International Programs expects a ‘gradual’ return to normal starting this fall

It will take time for international-student enrollment to return to its normal frequency and volume, experts predict, as vaccines are doled out throughout the world.

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Jenna Galligan

University of Iowa sophomore Joslin Some video chats with his younger sister on Saturday, March 14, 2021 at his apartment in Iowa City. Some is an international student from Ouagadougou, the capital of Burkina Faso in West Africa. His sister calls often, he says, and they often speak in a combination of English and French over the phone. (Jenna Galligan/The Daily Iowan)

Mary Hartel, News Reporter


Last spring, Yeji Son was preparing to go home to South Korea for the summer break, hoping that COVID-19 limitations would dwindle by then.  A year later, she’s barely left her 750-square-foot, two-bedroom apartment in Coralville.

Son is one of 2,072 international students who enrolled at the University of Iowa this fall. Iowa’s public universities have seen significant drops in international student enrollment in the last few years, which was exacerbated by the pandemic.

Although International Programs has offered plenty of support, Son said some international students still feel disconnected from campus in addition to their home countries.

“International students are just struggling in their own cave,” Son said. “I think it’s better if they have a roommate or partner, but I know some international students have a really difficult time because of the feelings [of] isolation.”

Son, a third-year international student in the counseling psychology Ph.D. program, had to stay in the U.S. throughout the pandemic because of a lack of funds. She hasn’t traveled home to South Korea since the summer of 2019.

With widespread vaccination continuing across the U.S., UI International Programs is envisioning what the future of international-student enrollment, and global programming will look like in the coming years.

In an email to The Daily Iowan, Michael Bortscheller, associate director of the UI International Student and Scholar Services, said the future for the program isn’t yet clear as the dust settles from the COVID-19 pandemic dampening international student enrollment.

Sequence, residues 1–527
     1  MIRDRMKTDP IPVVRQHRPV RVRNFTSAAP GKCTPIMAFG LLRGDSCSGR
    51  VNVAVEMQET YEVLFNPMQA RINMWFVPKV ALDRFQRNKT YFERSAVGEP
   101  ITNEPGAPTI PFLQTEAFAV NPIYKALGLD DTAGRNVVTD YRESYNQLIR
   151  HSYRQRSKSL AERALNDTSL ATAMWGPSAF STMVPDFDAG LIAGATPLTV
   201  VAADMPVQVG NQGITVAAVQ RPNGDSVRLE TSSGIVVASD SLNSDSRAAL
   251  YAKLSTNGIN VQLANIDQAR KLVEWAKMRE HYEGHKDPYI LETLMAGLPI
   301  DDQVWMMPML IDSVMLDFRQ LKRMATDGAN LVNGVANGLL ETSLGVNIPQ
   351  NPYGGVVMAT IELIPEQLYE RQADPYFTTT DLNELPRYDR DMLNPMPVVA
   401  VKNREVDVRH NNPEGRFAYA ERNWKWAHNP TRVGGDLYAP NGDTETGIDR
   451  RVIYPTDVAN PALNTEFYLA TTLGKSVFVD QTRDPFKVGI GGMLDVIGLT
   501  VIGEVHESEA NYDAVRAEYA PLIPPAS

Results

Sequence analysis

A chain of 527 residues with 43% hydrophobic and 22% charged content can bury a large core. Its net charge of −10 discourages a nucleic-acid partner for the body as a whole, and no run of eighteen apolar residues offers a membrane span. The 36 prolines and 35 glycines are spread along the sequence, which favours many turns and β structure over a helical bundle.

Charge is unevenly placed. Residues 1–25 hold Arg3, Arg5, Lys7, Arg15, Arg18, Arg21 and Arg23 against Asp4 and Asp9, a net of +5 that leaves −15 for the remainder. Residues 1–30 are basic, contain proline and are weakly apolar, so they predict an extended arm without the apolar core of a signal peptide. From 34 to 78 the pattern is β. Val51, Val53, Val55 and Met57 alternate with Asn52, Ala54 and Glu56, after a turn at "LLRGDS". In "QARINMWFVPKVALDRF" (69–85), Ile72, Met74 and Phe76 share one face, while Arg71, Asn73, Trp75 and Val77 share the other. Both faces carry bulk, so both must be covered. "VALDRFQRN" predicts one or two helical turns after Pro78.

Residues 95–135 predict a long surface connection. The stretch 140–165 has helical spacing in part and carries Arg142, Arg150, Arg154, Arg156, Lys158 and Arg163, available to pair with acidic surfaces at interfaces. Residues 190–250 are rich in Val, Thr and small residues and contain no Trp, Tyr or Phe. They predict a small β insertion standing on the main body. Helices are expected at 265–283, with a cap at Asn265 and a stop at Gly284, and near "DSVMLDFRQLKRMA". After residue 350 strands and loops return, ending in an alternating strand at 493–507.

“Nothing is set in stone at this time, both because the situation with the pandemic can change and has changed rapidly and also because we need guidance from Federal Agencies regarding when or whether immigration regulations will go back to the way they were before 2020,” Bortscheller wrote.

While the pandemic has created challenges for everyone, Bortscheller wrote, international students have dealt with additional hurdles far away from their home countries.

“Some students had to face a decision about whether to remain in the U.S. and potentially go well over a year without seeing their families or to attempt to travel home and possibly find they couldn’t return to the U.S. to resume their studies due to the constantly changing travel restrictions from January to July of 2020,” Bortscheller wrote.

University of Iowa international student Yeji Son poses for a portrait on Monday, March 15, 2021. Son is a third year doctoral student from South Korea studying counseling psychology. Son said South Korea’s strict quarantine measures and the university’s financial support requirements have prevented her from returning home over the last year. (Jenna Galligan)

Class over Zoom can sometimes make it more difficult to understand English, Son, 29, said, and she has at times had to work harder when communicating with the class and teacher.

Some of her friends that opted to return home have struggled with the time difference, sleeping schedules, and tightened travel regulations, Son said.

Son said she doesn’t know if the international student experience at the UI will ever return to normal. With added tension between the U.S. and China, she also thinks some students who have already given up on making friendships and connections may opt to continue virtual learning if it is still an option.